Then we replace the bond lengths A1 and A2 by more definite and measurable bond lengths a1 and a2, which are defined as bond lengths between an impurity atom and a host atom in a pure single crystal of groups III-V comprising only the elements same with the impurity element and the host element to be coupled with it.

The bond lengths a1 and a2 are definite and known in many cases. But a1 and a2 are not equal to A1 and A2. Pure bond lengths a1 and a2 will be now explained. For example, the bond length of Ga-As in a GaAs single crystal is 2.44 Å. The bond length of In-As in an InAs single crystal is 2.62 Å.

In this case, the impurity bond length A2 of In-As in a GaAs host crystal shall be replaced by the pure bond length a2 (2.62 Å) of In-As in an InAs crystal.

By these replacements, we can calculate the lattice misfit coefficient δ defined by Eq.(14)-Eq.(18).

The bond length of Ga-As in a GaAs crystal is 2.44 Å. The bond length of In-P in an InP crystal is 2.54 Å. The bond length of In-As in an InAs crystal is 2.62 Å. The bond length of Ga-P in a GaP crysal is 2.36 Å.

Similarly we designate 1.95 Å to a Ga-N bond, 2.07 Å to a B-As bond, 2.63 Å to a Ga-Sb bond, and 2.8 Å to an In-Sb bond.

These are the bond lengths concerning isoelectronic impurities. But with regard to anisoelectronic impurities, e.g. Si, Zn, Cr, Sn or S, the bond lengths between an impurity atom and a host atom can be surmised in the same way.

To distinguish the electronic property of impurities, we signify the bond length between an isoelectronic impurity and a host atom by "a", and the bond length between an anisoelectronic impurity and a host atom by "b".

In any case "a" and "b" are not the real bond lengths in an impurity-doped crystal but the definite tetrahedral bond lengths in a pure two-component crystal consisting of the host element and the impurity element.

For both "a" and "b", the lengths shorter than the standard length a0 will be suffixed with "1", and the lengths longer than the standard length a0 will be suffixed with "2".

Table (1) shows the bond lengths in Å unit between the elements of groups III and V in a pure two-component crystal of groups III-V. The elements of group III are denoted in the uppermost line. The elements of group V are denoted in the leftest column. The numeral on a cross point of a column and a line shows the bond length between two atoms of groups III and V which are captioned in the line and the column.

              TABLE (1)______________________________________Bond Lengths in purecrystals of groups III-V (Å unit)  B    Al           Ga     In______________________________________N        --     --           1.95 2.15P        1.96   2.36         2.36 2.54As       2.07   --           2.44 2.62Sb       --     --           2.63 2.8______________________________________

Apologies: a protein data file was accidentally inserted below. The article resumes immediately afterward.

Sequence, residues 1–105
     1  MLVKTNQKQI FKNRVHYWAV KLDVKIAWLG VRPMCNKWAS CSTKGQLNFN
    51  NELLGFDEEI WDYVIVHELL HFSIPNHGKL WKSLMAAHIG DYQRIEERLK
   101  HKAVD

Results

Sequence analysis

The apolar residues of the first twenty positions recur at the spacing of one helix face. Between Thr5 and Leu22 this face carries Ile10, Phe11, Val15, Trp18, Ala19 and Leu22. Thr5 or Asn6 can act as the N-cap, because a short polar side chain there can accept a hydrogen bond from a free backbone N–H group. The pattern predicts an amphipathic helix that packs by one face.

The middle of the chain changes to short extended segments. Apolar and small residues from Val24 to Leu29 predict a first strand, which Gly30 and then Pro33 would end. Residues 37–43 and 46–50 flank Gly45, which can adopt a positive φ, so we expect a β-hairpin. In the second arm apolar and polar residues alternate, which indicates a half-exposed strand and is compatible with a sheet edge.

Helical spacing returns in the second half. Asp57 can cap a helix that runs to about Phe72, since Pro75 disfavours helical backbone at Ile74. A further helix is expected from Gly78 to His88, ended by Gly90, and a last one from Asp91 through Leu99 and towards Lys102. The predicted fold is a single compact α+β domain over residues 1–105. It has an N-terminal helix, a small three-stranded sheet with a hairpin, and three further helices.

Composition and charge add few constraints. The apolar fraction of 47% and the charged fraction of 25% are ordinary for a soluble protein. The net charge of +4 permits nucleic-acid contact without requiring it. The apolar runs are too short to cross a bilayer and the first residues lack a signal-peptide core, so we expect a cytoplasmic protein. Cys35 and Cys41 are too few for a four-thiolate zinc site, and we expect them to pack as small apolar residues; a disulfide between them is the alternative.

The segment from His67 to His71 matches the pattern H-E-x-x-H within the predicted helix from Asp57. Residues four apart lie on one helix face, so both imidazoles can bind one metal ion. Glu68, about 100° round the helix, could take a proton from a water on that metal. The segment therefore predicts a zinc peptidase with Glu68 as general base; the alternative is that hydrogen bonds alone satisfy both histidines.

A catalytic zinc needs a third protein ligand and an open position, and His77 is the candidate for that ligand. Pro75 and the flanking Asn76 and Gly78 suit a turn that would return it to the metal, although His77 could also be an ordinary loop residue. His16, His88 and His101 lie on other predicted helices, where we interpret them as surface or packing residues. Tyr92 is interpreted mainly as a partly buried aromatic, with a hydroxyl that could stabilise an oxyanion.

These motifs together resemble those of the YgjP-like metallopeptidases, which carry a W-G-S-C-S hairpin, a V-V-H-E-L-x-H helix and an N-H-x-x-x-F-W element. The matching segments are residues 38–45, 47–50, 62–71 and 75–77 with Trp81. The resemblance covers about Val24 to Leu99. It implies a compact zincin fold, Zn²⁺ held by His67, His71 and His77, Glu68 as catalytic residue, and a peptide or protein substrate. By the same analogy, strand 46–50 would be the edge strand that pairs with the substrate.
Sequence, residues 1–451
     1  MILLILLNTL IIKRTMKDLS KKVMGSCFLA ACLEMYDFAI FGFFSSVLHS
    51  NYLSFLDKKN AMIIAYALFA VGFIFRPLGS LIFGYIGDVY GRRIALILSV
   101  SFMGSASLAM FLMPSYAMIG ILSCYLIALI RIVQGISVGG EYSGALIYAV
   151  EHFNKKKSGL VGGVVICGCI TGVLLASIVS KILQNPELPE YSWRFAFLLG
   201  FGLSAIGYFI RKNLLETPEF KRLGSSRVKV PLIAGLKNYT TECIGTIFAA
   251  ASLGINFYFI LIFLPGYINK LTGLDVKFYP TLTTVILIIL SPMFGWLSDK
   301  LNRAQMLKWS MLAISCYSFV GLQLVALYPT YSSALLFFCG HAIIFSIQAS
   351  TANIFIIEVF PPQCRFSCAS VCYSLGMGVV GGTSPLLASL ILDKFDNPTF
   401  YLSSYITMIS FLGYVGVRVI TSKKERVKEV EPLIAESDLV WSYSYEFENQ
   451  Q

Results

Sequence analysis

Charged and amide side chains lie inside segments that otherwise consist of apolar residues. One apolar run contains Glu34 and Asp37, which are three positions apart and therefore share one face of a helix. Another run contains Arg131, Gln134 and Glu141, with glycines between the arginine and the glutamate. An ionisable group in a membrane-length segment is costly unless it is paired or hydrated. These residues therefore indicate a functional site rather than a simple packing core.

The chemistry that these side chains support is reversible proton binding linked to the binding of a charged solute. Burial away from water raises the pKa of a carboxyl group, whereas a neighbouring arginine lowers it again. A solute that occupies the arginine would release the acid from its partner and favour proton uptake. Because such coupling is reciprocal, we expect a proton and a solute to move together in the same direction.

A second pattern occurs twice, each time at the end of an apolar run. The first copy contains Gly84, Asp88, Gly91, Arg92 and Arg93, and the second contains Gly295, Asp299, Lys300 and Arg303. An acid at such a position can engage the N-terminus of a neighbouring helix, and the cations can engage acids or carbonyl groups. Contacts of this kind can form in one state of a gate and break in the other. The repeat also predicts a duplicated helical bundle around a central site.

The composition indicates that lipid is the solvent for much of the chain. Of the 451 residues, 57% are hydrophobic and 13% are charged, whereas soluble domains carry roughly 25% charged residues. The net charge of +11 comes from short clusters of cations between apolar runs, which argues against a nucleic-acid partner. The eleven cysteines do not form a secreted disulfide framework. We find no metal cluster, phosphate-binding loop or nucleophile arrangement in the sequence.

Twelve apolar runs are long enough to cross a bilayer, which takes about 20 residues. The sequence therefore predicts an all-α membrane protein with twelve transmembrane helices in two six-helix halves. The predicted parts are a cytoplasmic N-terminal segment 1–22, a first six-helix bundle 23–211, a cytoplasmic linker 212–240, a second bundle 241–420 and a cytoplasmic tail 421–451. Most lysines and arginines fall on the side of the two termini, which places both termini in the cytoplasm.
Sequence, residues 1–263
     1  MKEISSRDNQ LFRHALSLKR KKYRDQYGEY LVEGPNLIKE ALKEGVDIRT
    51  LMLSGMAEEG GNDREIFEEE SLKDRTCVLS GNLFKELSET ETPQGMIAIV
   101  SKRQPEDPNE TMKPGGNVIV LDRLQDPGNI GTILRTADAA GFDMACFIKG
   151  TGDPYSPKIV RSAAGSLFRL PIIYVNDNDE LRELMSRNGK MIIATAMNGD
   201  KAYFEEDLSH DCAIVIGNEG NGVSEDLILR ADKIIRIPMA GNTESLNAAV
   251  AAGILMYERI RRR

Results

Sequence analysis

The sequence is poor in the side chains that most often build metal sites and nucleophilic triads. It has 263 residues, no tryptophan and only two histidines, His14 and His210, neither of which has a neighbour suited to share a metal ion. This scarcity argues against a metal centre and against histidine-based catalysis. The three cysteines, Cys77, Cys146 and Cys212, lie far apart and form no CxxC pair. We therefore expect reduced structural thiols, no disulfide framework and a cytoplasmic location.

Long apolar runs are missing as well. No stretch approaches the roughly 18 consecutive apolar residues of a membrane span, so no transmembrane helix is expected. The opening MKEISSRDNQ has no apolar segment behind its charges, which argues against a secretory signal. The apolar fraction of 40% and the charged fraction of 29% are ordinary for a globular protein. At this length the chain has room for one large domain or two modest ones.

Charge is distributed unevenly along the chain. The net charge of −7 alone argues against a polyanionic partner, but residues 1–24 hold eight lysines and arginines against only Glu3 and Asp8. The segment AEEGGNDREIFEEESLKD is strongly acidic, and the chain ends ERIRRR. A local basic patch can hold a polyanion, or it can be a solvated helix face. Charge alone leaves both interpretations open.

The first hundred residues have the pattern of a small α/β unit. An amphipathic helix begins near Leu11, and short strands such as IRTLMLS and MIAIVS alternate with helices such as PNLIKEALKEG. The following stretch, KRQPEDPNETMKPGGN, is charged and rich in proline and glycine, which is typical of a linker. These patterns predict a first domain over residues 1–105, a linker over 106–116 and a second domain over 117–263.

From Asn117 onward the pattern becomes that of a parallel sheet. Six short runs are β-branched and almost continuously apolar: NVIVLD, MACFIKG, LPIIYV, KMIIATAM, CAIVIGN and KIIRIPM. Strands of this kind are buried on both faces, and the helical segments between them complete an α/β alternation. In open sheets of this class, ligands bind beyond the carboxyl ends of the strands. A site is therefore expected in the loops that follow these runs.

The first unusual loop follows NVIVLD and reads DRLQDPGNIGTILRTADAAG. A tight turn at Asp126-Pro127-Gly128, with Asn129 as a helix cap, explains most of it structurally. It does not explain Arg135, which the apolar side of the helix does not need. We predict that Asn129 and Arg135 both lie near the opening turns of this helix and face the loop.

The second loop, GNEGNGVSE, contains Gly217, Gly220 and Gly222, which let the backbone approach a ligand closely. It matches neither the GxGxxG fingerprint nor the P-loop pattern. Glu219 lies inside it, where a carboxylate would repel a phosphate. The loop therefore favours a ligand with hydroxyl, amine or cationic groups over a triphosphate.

Instead of Eq.(17), by the replacements of "A" by "a", the arithmetic average "a" of bond lengths between isoelectronic impurities and host atoms are defined by ##EQU8## where "a1 " is a bond length between an isoelectronic under-impurity and a host atom, "a2 " is a bond length between an iso-electronic over-impurity. Both "a1 " and "a2 " are given by Table (1).

By using the impurity ratio "Z" instead of the concentrations "x", we obtain another equivalent expression of "a" ##EQU9## instead of Eq.(16).

Instead of Eq.(15), the lattice misfit coefficient δ is calculated by ##EQU10##

SUMMARY OF THE INVENTION

This invention requires that the total concentrations of isoelectronic impurities should be more than 1018 atoms/cm3, and the arithmetic average "a" of the bond lengths between isoelectronic impurities and host atoms should not differ from the standard bond length "a0 " between host atoms by more than plus or minus 2%.

Thus the lattice misfit coefficient δ should satisfy the inequality

-0.02≦δ≦0.02                           (22)

Instead of Eq.(2) and Eq.(3), the deviations η1 and η2 are defined by

η1 =(a1 -a0)/a0                    ( 23)

η2 =(a2 -a0)/a0                    ( 24)

η1 is negative. η2 is positive. By using these values η1 and η2, δ can be calculated by Eq.(11), Eq.(12), or Eq.(13).

From Table (1), we can designate definite values to the standard bond length "a0 ", the shorter bond length "a1 " by an under-impurity and the longer bond length "a2 " by an over-impurity in a double-impurity-doped single crystal.

Table (2) shows the tetrahedral covalent bond length "a0 ", "a1 " and "a2 " in Å unit, and the deviations η1 (negative) or η2 (positive) by percentage with regard to host crystal and impurities doped therein.